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Any of you familiar with the musical stylings of Team Nekokan, and in particular their ode
to how stupidly difficult Mega Man 1 was, understand what we mean by "muri." It's impossible.
It's unfeasible. It's a *** situation to be in. Humans shouldn't be doing this. They
should be out curing cancer or something. Not, y'know, using time and resources in 2013
to create the best platformer your Tandy's ever seen. Straight out of the late 80's,
having swiped a cola from Commander Keen, it's Muri. In every sense of the word.
Despite looking like a hot mess by today's standards, Muri actually shows a lot of polish
compared to the games it's made to resemble. War has broken out, Mars has just up'n vanished,
and now you're in a super-powered cyber suit in an attempt to make it back to Earth and
put things right... for some value of right. Maybe you're still in the process of breaking
everything. Maybe your daughter's here to put a stop to your rampage. Ever think of
that? Seriously, plots never really mattered in this era anyway unless you were playing
King's Quest or something, and you're patently not. What does matter is that the graphics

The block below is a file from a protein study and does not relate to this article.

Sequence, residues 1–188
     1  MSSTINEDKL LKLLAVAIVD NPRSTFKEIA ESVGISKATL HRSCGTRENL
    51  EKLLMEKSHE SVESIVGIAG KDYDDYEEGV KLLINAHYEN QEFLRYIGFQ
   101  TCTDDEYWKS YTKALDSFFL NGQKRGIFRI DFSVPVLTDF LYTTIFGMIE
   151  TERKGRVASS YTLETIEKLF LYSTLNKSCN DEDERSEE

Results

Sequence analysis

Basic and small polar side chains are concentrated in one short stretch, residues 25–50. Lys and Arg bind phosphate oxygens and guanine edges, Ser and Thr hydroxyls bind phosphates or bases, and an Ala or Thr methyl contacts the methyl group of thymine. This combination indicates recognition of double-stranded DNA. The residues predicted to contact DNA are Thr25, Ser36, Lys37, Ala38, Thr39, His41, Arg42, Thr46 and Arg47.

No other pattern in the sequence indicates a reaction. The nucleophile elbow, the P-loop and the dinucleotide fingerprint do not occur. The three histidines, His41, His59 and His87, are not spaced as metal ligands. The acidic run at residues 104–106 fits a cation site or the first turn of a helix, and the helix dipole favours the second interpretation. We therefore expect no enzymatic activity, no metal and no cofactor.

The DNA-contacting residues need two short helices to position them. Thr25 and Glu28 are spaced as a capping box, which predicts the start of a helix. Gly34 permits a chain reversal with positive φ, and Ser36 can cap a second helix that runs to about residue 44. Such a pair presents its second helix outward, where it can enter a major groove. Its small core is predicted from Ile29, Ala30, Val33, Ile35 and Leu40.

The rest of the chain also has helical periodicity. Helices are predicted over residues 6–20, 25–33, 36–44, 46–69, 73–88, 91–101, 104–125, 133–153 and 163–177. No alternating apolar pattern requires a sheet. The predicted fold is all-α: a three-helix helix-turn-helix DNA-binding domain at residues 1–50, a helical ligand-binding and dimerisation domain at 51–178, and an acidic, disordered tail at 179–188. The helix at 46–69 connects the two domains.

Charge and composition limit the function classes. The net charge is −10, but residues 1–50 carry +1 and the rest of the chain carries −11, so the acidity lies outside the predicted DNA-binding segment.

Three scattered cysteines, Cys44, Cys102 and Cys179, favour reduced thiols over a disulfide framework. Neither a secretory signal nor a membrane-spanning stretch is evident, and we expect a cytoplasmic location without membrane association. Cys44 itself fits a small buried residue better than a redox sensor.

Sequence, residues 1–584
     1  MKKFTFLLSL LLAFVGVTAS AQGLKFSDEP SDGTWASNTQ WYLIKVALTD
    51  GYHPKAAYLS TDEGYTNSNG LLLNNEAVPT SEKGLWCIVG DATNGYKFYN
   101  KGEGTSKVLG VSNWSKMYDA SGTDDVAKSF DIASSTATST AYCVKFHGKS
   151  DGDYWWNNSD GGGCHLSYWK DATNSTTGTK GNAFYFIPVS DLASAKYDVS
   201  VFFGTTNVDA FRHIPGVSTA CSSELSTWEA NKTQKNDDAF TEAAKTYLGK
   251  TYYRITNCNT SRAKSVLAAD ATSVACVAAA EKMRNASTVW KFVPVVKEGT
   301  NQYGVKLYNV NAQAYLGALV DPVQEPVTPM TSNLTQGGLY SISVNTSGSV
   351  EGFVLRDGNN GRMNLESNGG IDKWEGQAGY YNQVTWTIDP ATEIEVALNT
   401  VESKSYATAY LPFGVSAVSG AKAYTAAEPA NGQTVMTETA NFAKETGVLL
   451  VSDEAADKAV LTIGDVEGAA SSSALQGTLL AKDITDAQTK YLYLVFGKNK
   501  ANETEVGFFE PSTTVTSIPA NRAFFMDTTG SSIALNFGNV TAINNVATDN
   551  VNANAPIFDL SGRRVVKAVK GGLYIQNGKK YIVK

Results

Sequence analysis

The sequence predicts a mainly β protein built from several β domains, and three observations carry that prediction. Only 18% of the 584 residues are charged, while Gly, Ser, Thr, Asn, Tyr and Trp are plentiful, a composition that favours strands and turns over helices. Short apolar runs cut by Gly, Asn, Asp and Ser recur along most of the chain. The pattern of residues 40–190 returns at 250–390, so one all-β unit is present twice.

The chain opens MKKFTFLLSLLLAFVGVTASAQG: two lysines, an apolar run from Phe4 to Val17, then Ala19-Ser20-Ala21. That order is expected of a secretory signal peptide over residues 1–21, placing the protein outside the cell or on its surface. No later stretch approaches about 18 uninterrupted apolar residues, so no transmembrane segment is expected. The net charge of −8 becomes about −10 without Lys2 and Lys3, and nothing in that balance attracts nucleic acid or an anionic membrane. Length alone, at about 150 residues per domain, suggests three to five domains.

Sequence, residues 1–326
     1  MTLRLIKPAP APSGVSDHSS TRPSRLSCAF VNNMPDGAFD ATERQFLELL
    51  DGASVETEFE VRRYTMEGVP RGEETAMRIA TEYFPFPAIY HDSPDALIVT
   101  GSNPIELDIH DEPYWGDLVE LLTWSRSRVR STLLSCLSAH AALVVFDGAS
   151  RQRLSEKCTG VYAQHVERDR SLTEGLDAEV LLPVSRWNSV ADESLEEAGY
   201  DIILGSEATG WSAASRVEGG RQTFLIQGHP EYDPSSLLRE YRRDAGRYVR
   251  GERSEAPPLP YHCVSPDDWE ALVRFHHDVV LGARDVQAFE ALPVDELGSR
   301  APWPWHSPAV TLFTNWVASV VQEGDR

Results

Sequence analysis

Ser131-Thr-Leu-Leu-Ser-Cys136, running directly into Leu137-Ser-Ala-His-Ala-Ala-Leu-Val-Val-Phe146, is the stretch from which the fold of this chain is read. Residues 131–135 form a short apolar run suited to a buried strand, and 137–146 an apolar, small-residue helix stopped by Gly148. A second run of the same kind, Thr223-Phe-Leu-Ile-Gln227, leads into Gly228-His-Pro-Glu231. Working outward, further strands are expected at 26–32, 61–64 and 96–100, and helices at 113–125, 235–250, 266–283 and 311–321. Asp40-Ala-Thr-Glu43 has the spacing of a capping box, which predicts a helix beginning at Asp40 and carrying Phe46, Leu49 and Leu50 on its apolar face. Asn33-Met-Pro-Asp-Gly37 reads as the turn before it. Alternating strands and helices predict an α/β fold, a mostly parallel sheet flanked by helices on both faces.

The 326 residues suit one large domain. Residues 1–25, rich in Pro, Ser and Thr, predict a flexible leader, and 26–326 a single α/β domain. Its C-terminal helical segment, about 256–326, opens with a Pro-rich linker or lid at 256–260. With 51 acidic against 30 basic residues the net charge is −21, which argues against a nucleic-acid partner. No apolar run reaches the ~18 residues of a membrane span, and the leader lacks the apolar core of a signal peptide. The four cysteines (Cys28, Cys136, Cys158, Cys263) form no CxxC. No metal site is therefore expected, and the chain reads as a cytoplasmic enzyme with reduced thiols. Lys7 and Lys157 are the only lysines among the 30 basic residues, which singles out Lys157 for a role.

are dated, the soundtrack doesn't exist at all, and you're left with tinny sound effects
that made what Capcom and Nintendo were doing on the NES sound like Bach and Sibelius, respectively.
Master race, my Crash Bomb.
Awright, I've said my piece, partly because I still hurt from the wounds the super-bad
PC version of Mega Man left on my developing consciousness. This is from when PC gaming
was a joke, an afterthought, in the face of the emergent technologies like the Super Nintendo
and the Genesis. And yet Ludosity have managed to not just do the period well, but the game
itself shows polish beyond its years... which is good, because this thing is about two and
a half decades beyond its years. There's a lot of attention paid to these sprites and
backgrounds, even if you go the ultra-traditionalist route and play it in 16 frames per second.
Some of the more active scenes, like this chaotic death from above, would've slowed
any computer of the 80's to a crawl, a near standstill, but in today's atmosphere that's
the last thing on your mind. All you want to know is how the hell to take shelter from
the onslaught and what you'll have to kill while you're down there.
To this end, you're equipped with six forms of weaponry, all but the most basic of which
must be reloaded via pickups in the field. Alongside these armaments are plenty of arbitrary
score pickups, ranging from 50 points for this blue thing we called a floppy disk, kids,
all the way up through a thousand for a monitor displaying what we grognards refer to as a
"DOS Prompt." And if you want a 100% rating on a stage, you're going to have to find every
single one of 'em, which will likely involve blasting through fake walls and searching
all over for hidden passages. And that's awesome. No time limit, no craptacular hurry-up mechanic;
you wanna explore, you explore, dog. And then you grab your friends and go re-create what
you just played with Lego because that's the natural way. And then you try to share tips
on that freakin' Mega Man game and learn that - you were right - no one in the county can
get past those platforms in Guts Man's stage.